Witch hazels, snowdrops and hellebores are essential to a garden.
The foliage and pearl-drop flowers of Galanthus elwesii snowdrop are eye-catching as they pierce through dried leaves.
It’s February, and we’ve hit those difficult weeks when winter has lost its charm, and the cold has yet to give any hint of giving way to spring. Gardeners are full of dreams and plans, and as the craving for flowers grows stronger, we threaten to do dangerous and extravagant things to satisfy our longings.
However, there’s a simple solution for the end-of-winter doldrums. Rather than leaving for the Florida coast or a Caribbean island, a wise gardener plants flowers that will bloom in late winter. It seems impossible that any flowers could grow or bloom when the mercury remains steadily in the 20s, but it is possible. There are three flowers in particular, which, in my opinion, no garden is complete without. These essentials are witch hazels, snowdrops and hellebores.
Witch hazels – Hamamelis – are a group of amiable, small trees that grow to 15 feet high and wide, and bedeck themselves in spidery blossoms throughout the coldest days of January and February. They grow slowly and prefer partial shade, two characteristics which make them highly suitable for suburban landscapes. Two of the most excellent witch hazels are ‘Arnold Promise’, a brilliant yellow that looks gorgeous against icy blue winter skies, and long-blooming ‘Jelena’, which produces rich buff-apricot blossoms. Witch hazels are somewhat difficult to propagate, which accounts for their scarcity, but they’re worth searching for.
Like witch hazels, the most difficult thing about snowdrops is finding plants for sale. Because they dry out easily in storage, snowdrops can be tricky to buy as dry bulbs. To get around this hurdle, choose Galanthus elwesii, a snowdrop that is native to Turkey and is naturally tolerant of drying out. It will only reach 6 inches tall, at the most, but despite its size, this little woodlander bears lovely blooms. Imagine a pearl teardrop earring accented with delicate outlines of green, and you have a pretty good impression of a snowdrop. Although snowdrops multiply heartily, it’s still a good idea to plant them in clumps and drifts. A single snowdrop looks forlorn, and they’re cheap enough that most of us can afford to plant lots of them.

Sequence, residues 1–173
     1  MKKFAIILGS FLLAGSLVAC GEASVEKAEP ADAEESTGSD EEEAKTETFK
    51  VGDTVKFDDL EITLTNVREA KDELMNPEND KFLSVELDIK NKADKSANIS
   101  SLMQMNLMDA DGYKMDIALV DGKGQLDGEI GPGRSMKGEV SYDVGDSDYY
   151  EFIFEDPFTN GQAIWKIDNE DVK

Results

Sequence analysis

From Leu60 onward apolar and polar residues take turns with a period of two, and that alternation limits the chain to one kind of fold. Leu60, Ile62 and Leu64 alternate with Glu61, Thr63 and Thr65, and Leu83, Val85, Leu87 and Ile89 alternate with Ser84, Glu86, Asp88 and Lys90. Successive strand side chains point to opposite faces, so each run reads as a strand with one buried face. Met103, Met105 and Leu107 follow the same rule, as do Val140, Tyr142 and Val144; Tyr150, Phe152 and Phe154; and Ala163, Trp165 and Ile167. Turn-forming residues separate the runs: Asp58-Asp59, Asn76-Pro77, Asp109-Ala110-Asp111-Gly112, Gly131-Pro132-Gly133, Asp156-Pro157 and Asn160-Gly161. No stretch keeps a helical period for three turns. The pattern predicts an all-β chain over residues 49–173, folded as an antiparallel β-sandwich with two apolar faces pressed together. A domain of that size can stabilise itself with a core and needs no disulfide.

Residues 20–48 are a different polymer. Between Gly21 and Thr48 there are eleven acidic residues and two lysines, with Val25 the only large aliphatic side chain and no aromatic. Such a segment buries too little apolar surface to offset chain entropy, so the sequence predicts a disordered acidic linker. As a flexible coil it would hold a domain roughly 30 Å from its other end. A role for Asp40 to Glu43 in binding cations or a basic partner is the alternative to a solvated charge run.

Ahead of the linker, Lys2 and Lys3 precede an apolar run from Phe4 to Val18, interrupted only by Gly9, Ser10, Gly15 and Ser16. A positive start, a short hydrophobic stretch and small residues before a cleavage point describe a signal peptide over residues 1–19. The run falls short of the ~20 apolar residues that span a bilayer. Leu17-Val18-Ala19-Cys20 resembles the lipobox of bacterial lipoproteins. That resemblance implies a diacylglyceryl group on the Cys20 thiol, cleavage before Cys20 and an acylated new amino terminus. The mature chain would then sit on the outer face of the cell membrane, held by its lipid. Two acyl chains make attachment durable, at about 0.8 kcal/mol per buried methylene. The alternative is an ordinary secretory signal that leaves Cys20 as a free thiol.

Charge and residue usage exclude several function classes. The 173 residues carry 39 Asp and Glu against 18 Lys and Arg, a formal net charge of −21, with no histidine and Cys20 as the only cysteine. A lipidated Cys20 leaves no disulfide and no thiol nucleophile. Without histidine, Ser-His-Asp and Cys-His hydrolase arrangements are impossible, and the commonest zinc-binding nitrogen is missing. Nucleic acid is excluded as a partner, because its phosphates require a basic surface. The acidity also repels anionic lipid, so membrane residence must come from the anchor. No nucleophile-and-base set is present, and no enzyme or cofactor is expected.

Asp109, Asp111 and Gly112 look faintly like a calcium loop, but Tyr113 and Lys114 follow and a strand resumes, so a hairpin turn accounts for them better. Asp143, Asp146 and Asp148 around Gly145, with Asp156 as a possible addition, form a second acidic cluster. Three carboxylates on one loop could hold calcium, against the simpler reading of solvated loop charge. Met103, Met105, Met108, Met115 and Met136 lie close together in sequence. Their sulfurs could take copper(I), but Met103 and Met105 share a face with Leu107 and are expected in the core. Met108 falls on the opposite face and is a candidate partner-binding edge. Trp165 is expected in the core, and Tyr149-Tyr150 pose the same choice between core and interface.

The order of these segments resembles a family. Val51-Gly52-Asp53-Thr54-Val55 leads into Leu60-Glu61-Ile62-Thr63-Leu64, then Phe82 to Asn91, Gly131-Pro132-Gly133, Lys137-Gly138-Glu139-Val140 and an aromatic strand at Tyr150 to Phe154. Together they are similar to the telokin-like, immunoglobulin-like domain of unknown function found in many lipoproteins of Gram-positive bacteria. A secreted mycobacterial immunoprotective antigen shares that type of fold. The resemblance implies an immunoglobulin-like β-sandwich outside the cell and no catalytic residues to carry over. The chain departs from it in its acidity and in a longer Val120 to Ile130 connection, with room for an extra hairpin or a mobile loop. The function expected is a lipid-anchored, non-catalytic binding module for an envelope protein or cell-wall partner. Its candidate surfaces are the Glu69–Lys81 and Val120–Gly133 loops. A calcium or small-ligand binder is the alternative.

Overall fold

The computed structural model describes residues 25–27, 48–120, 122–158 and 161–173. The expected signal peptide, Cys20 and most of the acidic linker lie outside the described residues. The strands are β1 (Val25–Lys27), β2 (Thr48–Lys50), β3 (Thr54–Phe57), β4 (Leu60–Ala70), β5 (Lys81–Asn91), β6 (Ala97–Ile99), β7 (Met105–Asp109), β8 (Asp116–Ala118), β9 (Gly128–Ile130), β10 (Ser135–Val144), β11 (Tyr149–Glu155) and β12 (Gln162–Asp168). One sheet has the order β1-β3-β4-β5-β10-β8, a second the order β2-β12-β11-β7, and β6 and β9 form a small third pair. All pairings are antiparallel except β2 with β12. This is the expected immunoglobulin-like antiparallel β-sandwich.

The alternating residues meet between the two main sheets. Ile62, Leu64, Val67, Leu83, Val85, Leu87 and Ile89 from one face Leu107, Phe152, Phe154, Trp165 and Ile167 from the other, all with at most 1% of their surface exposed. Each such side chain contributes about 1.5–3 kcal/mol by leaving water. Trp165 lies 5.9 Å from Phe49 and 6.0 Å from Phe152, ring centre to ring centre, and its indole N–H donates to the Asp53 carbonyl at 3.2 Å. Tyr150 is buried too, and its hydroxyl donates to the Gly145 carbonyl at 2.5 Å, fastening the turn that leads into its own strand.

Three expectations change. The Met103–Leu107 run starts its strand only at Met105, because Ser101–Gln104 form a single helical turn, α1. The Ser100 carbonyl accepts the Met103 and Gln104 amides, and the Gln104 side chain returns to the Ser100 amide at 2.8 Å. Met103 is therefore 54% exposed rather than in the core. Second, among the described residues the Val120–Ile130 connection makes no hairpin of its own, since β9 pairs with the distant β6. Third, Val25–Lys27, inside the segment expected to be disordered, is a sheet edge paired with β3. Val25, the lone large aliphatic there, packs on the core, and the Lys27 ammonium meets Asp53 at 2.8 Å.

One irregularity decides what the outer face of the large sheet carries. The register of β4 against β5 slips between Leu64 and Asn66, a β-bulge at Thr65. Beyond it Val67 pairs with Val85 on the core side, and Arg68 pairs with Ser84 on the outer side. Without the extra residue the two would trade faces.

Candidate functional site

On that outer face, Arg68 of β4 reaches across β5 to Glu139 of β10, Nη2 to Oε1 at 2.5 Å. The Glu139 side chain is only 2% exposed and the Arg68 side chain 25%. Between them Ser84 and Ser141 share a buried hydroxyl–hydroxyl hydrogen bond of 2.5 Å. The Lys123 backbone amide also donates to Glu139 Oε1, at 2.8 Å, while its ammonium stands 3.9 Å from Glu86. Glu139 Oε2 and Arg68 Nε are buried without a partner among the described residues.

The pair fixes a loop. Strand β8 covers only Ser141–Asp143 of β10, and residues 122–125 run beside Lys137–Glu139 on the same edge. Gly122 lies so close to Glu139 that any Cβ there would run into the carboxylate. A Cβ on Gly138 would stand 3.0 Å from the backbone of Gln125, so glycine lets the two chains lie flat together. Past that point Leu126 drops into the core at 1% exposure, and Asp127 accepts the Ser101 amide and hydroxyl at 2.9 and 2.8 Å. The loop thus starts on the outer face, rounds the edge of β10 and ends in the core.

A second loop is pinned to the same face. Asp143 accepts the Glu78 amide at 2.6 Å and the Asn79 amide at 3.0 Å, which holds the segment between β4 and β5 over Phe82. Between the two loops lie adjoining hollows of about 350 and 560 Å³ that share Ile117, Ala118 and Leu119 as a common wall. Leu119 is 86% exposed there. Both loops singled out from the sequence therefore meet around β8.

It’s no surprise that hellebores are beginning to make their way into the midstream nursery business. What other perennial takes shade and drought, smothers weeds, requires no intensive care, blooms for three months, and is available in every color of the rainbow?
They take a few years to make impressive clumps, but such a magnificent plant is worth waiting for. The easiest hellebores to grow are the various forms known as Helleborus x hybridus. Most are grown from seed, so it’s best to buy plants in bloom, if you can find them.
A great deal of work has been done in Europe toward the development of single-color strains. The various “Lady” lines – such as ‘Yellow Lady’ and ‘Metallic Blue Lady’ – are now widely available throughout the United States. If you choose a “Lady,” you’ll at least know the general color of the plant. Hellebores are excellent performers in my dry woodland garden. They bloom on and on.
The nicest thing about these winter bloomers is that gardeners can easily create a tiered planting combining all of them. Find a shaded, rather sheltered spot and plant a witch hazel. Beneath it, plant hellebores, and between them, plant clusters of snowdrops.
After it’s established, this garden vignette will take no care at all, other than pruning and removal of dead leaves and flowers. Throughout the summer, it will be quietly green, but when January arrives, the witch hazel will bloom. A few days later, the snowdrops will bloom, and soon thereafter the hellebores will break into flower.
On frigid days, you will be able to look out the window and smile, while all your neighbors look out their windows and wonder when their tulips will finally begin to show their noses.
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